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Copyright © 2004, Emerald Group Publishing Limited
Graduate market may be approaching saturation for some jobs
New graduates tend to earn less if they work in jobs in competition with lots of other graduates, while the graduate market may be approaching saturation point for some types of jobs. This may be an increasingly important factor in young people’s decision to leave education early. Some 23 per cent of young people who say they would like to stay in education after the compulsory leaving age have left by the age of 17. For those early leavers who subsequently find themselves without work, poor GCSE results, lack of parental encouragement and economic disadvantage are the main factors affecting their decision. These are the findings of research papers presented by Dr Malcolm Brynin, of the University of Essex, and Professor John Bynner, of the Institute of Education, London, at a seminar organized by the Economic and Social Research Council.
Women still gain a lot from having a degree, but men find themselves in an increasingly competitive graduate labour market, which has reduced their average earnings, according to Dr Brynin’s research. New graduates also do better than those who have been working for some time. Dr Brynin said:
Having a degree pays, but not as much if you do a job where most other people have degrees.
Since 1991, there has also been a growing proportion of people in jobs that do not require the qualification held by individual employees. And international research suggests that nearly twice as many British workers see themselves as overqualified compared with their colleagues in Norway, Germany and Italy.
Dr Brynin continued:
This means that if we want to encourage young people to remain in education past the age of 16, we need to help them to adapt to labour-market needs.
The incentives have to be right. There are two problems we need to address: the first is the incentive to stay in education, while the second is tackling the background factors that encourage people to stay or leave.
The incentive to remain in education depends on the qualifications achieved or likely to be achieved, the costs of continuing in education and assessment of what type of jobs particular qualifications are expected to buy in the job market. The biggest factor is GCSE results. Failure to achieve five A*-C passes at GCSE reduces the average 65 per cent who choose to stay in education at 16 to 43 per cent, while success raises it to 88 per cent. Examination performance is itself partly determined by attitudes to education and poverty, but it is a major factor in its own right.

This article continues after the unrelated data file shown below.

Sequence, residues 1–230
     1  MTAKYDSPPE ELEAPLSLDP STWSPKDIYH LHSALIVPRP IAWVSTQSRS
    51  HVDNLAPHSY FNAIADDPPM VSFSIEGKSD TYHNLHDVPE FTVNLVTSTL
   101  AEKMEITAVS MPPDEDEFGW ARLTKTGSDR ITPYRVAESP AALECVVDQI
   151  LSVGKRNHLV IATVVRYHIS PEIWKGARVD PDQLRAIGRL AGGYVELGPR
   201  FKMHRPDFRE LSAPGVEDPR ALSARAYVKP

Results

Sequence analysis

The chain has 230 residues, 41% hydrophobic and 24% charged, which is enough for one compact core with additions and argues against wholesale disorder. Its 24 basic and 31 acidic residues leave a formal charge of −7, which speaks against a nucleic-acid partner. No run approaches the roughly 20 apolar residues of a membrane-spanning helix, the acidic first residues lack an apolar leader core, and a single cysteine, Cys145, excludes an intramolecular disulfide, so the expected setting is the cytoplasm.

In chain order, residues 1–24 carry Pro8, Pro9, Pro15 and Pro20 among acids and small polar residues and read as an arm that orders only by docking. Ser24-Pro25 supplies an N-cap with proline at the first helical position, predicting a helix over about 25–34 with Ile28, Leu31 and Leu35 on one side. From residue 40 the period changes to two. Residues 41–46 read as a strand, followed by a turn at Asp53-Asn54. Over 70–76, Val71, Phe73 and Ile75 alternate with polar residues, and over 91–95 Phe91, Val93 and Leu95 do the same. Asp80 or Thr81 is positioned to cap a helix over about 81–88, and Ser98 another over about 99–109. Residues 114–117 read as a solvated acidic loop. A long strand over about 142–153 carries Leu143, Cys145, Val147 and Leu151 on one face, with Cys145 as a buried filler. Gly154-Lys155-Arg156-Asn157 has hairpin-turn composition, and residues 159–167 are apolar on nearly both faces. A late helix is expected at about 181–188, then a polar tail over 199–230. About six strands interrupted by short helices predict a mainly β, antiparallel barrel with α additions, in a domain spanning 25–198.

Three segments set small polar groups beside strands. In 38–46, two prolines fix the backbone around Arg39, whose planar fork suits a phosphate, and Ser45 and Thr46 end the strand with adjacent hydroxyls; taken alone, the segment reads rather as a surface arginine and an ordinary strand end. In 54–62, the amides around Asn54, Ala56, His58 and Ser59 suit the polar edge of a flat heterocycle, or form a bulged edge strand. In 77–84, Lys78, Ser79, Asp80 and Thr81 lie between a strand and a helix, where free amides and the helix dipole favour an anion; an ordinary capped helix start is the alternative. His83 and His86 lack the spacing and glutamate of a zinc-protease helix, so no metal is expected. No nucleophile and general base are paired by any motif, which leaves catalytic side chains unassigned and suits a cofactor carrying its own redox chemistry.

Professor Bynner’s research shows that there have been big changes in school-leaving trends since 1970, when two-thirds of young people were still leaving full-time education or training at the minimum age. By 1986, that figure had dropped to just over half and by 1990 to 30 per cent, where it has remained. Professor Bynner notes that not all early leavers are poorly qualified.
Not all young people who leave school at the minimum age are necessarily going to have an impoverished occupational career. Those with O levels or GCSEs will generally have got their foot on the occupational ladder – and their contemporaries who stay in higher education are actually likely to take a long time to catch up.
But those with no GCSEs or few passes risked later unemployment and social exclusion. And the odds of somebody falling into this group were greatly increased by several factors. Those early leavers born with a low birth weight were 2.5 times more likely to end up out of education, employment or training for more than six months in the period from 16-18, those whose parents did not read to them as a child were 1.7 times more likely and those in receipt of free school meals, 1.9 times more likely.
Basic skills were also a key factor:
At the heart of poor achievement at school is the failure to acquire the basic skills of literacy and numeracy. Early leavers are found at twice the level among adults with poor basic skills compared with those whose skills are average or good – 80 per cent compared with 40 per cent.
Professor Bynner argues that policies to address these issues need to start early:
For the government to develop policies that will effectively counter the tendency for 30 per cent to leave school early – especially without qualifications – cradle-to-grave attention must be given to meeting individual developmental needs. Programmes like Sure Start and the New Deal are on the right track, but their resources may not be enough to bring about the cultural shift we need to see and to overcome years of inter-generational disadvantage.